Most employees need clear communication from management for project direction, feedback, and goal collaboration. Communicating through email is likely the most common form that remote workers use, which can have some drawbacks. Textual communication alone often leads to miscommunication, which can result in mistakes in employees’ work. It’s important that telecommuters combine the use of email with other forms of communication, like telephone calls and video chats, in order to avoid any miscommunication.

  • It’s not for everyone

While some employees jump at the chance to work remotely, it’s not necessarily compatible with the personalities or lives of every worker. Some employees prefer to be in the office for quick access to other personnel, while others may simply enjoy the time away from home, family, and personal distractions. It may also be detrimental for a high-level manager or executive to work remotely, as many employees rely on their leadership within the office and need access to them. It is one thing to work remotely, but being a mobile leader is sure to come with an entirely new set of challenges.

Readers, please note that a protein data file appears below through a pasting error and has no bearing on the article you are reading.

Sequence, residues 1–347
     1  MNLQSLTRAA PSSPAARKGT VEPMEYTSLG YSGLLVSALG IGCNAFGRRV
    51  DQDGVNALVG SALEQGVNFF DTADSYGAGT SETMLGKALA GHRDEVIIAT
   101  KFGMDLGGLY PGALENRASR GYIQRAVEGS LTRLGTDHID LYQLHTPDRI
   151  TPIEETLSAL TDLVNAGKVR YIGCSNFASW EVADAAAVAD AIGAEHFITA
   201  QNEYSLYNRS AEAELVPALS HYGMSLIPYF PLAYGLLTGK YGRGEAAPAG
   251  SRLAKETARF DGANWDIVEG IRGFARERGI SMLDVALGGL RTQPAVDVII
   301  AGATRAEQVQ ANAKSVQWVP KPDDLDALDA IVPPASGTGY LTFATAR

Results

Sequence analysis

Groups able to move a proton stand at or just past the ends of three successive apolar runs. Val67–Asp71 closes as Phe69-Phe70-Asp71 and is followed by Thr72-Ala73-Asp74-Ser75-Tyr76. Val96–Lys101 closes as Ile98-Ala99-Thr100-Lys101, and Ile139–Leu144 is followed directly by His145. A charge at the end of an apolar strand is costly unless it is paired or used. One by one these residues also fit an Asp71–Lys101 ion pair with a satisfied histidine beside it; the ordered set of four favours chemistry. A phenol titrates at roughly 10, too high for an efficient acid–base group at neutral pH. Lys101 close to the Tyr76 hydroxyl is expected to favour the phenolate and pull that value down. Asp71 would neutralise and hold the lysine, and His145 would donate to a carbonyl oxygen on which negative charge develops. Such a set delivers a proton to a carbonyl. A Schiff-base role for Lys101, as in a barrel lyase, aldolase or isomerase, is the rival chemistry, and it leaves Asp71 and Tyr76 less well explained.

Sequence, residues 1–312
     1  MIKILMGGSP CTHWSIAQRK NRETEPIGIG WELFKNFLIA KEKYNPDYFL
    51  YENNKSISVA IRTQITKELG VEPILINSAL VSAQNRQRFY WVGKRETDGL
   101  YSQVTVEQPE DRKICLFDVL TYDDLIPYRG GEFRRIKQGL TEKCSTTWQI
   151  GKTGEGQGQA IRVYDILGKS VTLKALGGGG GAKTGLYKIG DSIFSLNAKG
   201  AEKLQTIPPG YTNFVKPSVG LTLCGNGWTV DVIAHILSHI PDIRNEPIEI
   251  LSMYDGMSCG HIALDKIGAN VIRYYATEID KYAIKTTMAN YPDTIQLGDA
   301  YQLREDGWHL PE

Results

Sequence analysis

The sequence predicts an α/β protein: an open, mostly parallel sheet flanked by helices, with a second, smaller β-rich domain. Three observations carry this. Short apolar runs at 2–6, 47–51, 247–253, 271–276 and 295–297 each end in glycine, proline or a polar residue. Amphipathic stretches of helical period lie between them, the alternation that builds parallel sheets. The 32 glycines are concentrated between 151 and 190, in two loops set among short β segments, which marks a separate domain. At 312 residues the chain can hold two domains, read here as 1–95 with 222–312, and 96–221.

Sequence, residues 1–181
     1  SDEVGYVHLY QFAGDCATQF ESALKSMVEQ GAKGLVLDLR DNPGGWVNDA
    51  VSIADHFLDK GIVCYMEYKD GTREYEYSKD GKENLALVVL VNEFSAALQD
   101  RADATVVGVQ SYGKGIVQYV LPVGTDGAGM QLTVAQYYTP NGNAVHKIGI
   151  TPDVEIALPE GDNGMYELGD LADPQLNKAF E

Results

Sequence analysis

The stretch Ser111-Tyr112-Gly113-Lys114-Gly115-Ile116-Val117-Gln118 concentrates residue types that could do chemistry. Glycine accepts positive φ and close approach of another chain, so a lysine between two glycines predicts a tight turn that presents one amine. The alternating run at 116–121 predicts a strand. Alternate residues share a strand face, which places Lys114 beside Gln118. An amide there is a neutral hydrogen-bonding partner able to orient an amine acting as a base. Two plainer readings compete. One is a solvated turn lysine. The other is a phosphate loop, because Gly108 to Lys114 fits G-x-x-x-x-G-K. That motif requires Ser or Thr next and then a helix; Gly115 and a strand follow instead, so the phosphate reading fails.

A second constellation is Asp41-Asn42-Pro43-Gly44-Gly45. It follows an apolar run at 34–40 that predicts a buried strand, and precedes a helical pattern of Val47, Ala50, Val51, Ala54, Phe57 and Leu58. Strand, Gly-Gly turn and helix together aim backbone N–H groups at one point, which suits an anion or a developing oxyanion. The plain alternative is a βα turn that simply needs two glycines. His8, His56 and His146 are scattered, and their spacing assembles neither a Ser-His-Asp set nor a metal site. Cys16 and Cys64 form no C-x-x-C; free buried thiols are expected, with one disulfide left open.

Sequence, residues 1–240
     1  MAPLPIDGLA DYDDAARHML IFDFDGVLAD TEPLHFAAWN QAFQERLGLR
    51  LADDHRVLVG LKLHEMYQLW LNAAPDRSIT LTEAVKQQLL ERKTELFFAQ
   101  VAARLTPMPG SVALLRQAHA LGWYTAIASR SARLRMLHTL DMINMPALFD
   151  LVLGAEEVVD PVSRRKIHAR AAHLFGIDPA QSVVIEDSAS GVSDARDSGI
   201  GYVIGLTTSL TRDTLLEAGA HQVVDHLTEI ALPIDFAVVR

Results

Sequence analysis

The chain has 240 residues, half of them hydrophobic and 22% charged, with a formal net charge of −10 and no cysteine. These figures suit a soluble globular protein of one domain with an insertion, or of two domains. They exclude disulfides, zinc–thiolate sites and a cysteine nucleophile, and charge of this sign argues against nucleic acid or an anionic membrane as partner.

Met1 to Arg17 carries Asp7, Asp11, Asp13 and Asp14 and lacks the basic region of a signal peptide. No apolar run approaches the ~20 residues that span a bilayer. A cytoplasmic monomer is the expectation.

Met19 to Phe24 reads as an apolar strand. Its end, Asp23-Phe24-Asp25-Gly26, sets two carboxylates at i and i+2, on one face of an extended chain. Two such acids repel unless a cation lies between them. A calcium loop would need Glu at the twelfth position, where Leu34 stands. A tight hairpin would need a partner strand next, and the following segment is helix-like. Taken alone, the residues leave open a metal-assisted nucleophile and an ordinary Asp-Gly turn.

What does science say?

In a recent study, researchers at Stanford University partnered with a Chinese travel agency to study telecommuting. Out of the many volunteers, 255 employees were selected to telecommute. After a few weeks of the experiment, researchers observed a much higher level of productivity from the employees who telecommuted versus those who did not. They had less sick days, less late arrivals, and an increased amount of work completed. This resulted in increased profits for the travel agency, and they liked the program so much that they decided to expand their telecommuting program. Although many employees in the experiment preferred the mobile work arrangement, some decided they’d rather work in the office with human interaction and an established beginning and end to each work day.

So, back to the question−when it comes to telecommuting, does easier mean better? Based on the research, it’s safe to say that the answer is a big “yes!” Not only does a mobile workforce increase profits, have higher productivity, and reduced turnover, but it’s also preferred by a large portion of employees. However, remember that telecommuting isn’t for everyone or for every business, so give it some careful consideration before you begin implementing the option at your organization.